Symptom assessment in palliative medicine

Irmelin Bergh, Nina Aass, Dagny Faksvåg Haugen, Stein Kaasa, Marianne Jensen Hjermstad About the authors

The Edmonton Symptom Assessment System (ESAS) is the most widely used instrument for assessing symptoms in palliative medicine. A new, revised version, ESAS-r, has recently been developed, and it is recommended that this be introduced in Norway.

The alleviation of distressing symptoms plays a key part in palliative care. Symptoms are subjective, and studies have shown that systematic assessment is an important prerequisite for optimal symptom relief (1). The Edmonton Symptom Assessment System (ESAS) is a tool that was developed to allow repeated measurement of symptom intensity with a minimum of patient burden (2). It is now one of the most widely used forms for self-reporting of symptoms in palliative medicine (3). In Norway the ESAS is recommended as the standard assessment tool for patients receiving palliative care (4), and it must be used in order to enable DRG reimbursement for this care.

The original version of the ESAS form covers seven of the most common symptoms of advanced cancer: pain, fatigue, nausea, depression, anxiety, loss of appetite and shortness of breath. In addition, general well-being is assessed, and the form has an open category where the patient can specify a particular symptom (2, 3). Symptom intensity is indicated on an 11-point numerical rating scale. When the form was first translated and used in Norway at the Palliative Medicine Unit, Trondheim Regional Hospital (now St Olavs Hospital) in 1999, the open category was omitted, while dryness of the mouth and pain on movement were added to the form. This version, known as the Trondheim Palliative Assessment Tool (T-PAT), became widely used in Norway, and is the one that up to now has been recommended and included in the national palliative care programme (4).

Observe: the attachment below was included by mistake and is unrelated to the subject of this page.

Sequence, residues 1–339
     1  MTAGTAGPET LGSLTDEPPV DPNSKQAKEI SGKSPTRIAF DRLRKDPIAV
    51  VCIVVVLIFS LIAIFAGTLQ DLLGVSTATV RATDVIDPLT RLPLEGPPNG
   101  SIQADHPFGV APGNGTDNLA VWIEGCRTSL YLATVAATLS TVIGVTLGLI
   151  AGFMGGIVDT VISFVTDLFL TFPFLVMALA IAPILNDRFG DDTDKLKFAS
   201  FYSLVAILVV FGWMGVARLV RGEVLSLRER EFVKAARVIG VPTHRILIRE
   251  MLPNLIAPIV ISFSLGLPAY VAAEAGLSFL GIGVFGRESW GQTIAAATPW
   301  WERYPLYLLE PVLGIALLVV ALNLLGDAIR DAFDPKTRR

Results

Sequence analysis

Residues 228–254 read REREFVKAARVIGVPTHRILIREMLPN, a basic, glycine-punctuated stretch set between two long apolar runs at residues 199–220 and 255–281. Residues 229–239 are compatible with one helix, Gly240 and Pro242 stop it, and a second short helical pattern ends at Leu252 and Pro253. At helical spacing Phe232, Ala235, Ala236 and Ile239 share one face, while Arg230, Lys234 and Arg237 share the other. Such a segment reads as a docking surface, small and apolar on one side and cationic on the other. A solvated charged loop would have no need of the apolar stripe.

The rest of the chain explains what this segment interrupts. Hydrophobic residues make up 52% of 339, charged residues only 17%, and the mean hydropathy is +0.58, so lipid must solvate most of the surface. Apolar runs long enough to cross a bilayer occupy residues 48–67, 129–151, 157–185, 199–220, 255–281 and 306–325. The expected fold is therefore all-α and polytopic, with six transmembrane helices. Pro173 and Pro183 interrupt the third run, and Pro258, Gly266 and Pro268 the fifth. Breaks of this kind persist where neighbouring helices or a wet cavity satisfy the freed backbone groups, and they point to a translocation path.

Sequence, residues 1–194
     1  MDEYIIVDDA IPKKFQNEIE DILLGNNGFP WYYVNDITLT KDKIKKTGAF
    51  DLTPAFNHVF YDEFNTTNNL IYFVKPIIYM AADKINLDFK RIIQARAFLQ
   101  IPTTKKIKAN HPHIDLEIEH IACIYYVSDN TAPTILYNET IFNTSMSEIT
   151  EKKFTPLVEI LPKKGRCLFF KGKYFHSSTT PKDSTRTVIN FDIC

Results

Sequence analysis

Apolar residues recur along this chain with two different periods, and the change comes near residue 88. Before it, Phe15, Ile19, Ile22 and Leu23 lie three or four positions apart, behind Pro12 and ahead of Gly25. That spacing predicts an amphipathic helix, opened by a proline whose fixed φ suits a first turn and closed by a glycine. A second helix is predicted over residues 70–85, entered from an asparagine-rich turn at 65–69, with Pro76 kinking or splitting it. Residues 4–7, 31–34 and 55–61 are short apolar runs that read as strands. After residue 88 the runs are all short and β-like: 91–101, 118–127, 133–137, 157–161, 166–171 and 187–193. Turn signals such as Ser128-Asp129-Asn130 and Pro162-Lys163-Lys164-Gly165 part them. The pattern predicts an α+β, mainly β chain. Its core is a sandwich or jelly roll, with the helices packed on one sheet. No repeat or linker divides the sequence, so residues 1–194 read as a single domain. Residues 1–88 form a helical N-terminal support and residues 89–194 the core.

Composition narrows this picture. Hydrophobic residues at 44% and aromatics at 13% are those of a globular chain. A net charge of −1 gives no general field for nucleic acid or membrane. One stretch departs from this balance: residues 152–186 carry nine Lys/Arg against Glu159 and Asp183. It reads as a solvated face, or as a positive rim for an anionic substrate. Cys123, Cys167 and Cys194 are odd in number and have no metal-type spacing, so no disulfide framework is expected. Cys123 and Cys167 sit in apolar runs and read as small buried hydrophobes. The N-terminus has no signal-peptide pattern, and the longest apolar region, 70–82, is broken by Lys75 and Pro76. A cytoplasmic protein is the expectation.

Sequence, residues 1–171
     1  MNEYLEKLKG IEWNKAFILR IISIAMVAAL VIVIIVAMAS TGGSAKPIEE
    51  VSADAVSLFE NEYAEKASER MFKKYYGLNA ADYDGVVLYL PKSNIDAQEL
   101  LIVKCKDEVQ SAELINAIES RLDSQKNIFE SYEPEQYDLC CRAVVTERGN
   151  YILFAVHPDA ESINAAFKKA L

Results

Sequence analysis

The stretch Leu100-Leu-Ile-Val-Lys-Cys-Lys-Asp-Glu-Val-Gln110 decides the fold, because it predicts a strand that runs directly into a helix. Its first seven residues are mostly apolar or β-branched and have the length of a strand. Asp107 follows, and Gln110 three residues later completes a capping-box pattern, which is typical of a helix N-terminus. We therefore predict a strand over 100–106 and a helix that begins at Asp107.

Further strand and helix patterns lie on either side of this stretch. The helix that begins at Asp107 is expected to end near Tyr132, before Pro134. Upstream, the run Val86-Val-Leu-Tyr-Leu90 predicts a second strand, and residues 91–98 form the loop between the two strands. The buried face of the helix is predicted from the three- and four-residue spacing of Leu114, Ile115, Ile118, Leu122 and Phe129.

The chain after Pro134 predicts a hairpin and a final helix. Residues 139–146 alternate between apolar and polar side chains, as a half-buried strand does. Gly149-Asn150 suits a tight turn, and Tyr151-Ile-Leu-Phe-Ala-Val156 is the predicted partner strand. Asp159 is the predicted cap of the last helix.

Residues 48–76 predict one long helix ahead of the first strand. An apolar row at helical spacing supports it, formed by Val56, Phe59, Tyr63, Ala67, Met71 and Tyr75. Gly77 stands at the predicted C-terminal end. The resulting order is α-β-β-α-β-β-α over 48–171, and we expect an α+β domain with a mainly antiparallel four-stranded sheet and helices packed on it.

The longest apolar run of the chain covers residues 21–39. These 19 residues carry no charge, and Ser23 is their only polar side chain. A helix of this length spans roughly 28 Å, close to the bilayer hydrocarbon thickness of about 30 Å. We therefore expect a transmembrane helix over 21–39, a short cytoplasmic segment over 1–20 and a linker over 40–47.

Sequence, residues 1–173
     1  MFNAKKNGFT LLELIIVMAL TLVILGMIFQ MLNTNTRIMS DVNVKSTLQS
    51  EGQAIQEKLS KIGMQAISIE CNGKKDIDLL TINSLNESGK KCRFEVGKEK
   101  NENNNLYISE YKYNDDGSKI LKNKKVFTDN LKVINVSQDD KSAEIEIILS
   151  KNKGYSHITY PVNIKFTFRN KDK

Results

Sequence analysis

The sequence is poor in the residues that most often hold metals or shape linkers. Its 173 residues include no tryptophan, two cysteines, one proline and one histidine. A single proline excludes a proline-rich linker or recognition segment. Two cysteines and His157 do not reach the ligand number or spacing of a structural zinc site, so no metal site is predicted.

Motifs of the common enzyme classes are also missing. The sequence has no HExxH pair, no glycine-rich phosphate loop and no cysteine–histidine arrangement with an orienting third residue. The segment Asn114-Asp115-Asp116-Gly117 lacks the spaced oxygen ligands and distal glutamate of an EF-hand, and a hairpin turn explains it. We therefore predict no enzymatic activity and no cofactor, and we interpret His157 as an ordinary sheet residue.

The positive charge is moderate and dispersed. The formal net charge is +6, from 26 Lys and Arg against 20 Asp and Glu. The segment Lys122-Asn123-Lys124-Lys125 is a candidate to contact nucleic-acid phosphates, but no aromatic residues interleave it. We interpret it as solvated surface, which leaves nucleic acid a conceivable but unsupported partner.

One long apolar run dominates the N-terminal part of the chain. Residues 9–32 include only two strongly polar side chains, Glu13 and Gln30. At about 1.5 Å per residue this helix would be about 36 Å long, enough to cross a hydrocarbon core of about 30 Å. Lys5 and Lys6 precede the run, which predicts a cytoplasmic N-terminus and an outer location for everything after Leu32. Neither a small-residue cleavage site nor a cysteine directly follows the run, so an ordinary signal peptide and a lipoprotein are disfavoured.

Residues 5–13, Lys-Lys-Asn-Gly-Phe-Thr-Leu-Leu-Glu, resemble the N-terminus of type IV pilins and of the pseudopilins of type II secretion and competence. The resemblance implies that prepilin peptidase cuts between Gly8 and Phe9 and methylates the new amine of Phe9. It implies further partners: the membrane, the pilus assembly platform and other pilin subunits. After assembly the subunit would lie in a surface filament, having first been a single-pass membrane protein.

The four regional centres of excellence in palliative care gradually discovered a series of local adaptations of the ESAS. In 2010 it was therefore agreed that a survey should be conducted to find out which Norwegian versions were in use, and what the differences were. ESAS forms were collected from hospital departments, palliative care units and palliative care networks in all the Norwegian health care regions. A total of 40 different versions of the form were systematically reviewed for differences in content, wording, end-points and scale format. The review revealed major variations in heading, introduction, time frame, symptoms included, sequence and wording, anchoring adjectives on the numerical rating scales, and actual format of the response scales.

Revised version